I love these pictures which you thoughtfully collated. In fact, I love your pictures a lot, Mabel. I like the perspective and wide angle view. Thanks for posting this write up on home which most of us don’t even think about and stirring up a thought.

    Like

    • It is a very thoughtful interpretation of home you got there, Arv. Lucky you have managed to travel for a bit to experience some place different, and often it is these mobility experiences that will make you realise what you’re comfortable with. Jaipur looks like such a colourful home 🙂 So true we don’t usually think much about the idea of home…and a lot of the time we take ‘home’ for granted.

      Thank you so much for your kind words on my photos. Shooting landscape and wide angle is what I really like taking images of, and maybe this will continue this year 🙂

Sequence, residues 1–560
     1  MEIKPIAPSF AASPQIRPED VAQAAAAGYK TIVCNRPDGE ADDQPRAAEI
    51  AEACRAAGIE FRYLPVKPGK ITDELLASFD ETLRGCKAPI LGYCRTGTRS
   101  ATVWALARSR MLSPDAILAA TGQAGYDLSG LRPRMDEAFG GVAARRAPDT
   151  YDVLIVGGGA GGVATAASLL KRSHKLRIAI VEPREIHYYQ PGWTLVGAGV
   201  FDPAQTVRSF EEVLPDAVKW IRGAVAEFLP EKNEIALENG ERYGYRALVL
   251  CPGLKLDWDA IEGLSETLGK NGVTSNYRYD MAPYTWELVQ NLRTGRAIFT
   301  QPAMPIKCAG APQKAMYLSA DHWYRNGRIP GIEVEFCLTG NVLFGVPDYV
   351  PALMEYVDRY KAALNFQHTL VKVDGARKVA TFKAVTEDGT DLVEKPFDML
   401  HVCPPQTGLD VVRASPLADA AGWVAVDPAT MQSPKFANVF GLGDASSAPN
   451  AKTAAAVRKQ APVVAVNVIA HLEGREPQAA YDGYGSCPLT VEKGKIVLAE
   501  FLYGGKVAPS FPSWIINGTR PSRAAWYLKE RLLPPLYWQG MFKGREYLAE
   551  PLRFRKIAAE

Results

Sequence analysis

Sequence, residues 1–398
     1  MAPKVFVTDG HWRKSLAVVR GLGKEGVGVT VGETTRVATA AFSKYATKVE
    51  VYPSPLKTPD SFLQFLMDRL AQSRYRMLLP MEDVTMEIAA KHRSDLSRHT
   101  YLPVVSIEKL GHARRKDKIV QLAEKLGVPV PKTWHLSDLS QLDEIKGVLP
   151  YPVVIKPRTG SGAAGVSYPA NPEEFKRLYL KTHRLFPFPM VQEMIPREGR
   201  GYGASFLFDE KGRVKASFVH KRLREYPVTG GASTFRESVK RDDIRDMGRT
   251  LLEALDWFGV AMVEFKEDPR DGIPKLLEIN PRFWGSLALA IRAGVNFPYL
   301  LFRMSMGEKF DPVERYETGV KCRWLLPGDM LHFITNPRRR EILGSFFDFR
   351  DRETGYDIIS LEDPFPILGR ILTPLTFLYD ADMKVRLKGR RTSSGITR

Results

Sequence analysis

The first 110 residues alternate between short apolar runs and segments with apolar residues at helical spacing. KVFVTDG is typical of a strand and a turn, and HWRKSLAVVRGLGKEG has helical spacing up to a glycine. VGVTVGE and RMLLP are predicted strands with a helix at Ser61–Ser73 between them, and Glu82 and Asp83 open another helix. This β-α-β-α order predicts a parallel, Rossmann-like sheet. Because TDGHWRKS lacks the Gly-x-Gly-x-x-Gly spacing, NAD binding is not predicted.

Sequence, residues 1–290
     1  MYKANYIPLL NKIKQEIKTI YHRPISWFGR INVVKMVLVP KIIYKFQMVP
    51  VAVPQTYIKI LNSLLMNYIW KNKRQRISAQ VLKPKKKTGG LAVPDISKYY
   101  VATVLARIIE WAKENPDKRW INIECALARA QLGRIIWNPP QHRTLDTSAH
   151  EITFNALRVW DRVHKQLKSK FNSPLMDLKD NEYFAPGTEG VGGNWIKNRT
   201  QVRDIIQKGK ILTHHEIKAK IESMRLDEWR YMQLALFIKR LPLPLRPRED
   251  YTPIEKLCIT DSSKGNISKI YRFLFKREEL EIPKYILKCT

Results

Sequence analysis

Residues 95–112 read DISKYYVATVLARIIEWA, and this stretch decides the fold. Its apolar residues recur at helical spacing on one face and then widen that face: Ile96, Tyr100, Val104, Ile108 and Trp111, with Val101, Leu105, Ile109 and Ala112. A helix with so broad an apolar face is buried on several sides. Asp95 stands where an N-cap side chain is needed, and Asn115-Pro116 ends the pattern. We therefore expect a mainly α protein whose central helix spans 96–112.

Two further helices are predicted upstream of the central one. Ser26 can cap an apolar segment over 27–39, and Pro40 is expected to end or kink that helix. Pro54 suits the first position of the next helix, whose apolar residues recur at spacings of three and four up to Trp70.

Liked by 1 person

  4. What a beautiful reflection on a word we use all the time: home. I was moved a round a lot as a young child. I hated the neighborhood where my family settled when I was nine. So, I had conflicting feelings about “home.” I do feel that my current residence is truly a home: I chose it.
    On another note, I am in love with that dumpling. You really gave it pride of place in that bowl!

    Like

    • Thank you so much, Linda. You are very kind with your words. So lovely to hear you are happy with where you are living right now and may it be home for a long time coming for you.

      I also love that dumpling shot. The light and shadows were falling very nicely over it 🙂

      Like

  5. Hey Mabel….it is soooo good to be back in blogsville and especially here on your site! This is a great post, makes you think. Of course, I’m lazy and hate to think, but still. It’s kind of odd for me to think about “home” because I’ve never felt at home. Home for me, I guess, is where ever I am. I’m for some reason, simply not attached to a place, or (perhaps sadly) people. I love people, but I don’t seem to have an issue with leaving and moving on. happy new year 2018!!